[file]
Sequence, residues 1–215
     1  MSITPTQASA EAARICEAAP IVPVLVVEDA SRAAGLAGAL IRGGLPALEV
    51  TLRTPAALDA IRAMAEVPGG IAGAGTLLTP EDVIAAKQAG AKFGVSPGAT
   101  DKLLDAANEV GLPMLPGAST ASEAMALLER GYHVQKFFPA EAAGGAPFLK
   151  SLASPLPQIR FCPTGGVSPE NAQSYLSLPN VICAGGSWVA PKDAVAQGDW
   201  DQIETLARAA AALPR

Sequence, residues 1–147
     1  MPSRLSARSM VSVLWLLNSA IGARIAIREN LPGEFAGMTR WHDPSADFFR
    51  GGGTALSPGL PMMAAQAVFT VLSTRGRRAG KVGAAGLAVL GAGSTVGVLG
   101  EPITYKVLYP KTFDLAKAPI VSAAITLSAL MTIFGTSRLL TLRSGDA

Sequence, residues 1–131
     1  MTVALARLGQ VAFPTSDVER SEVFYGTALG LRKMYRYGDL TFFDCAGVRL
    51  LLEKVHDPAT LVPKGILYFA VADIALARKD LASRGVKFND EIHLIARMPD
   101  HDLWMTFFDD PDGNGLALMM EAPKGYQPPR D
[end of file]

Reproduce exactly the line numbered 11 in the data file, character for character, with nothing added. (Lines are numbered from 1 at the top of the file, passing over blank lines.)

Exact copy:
Sequence, residues 1–131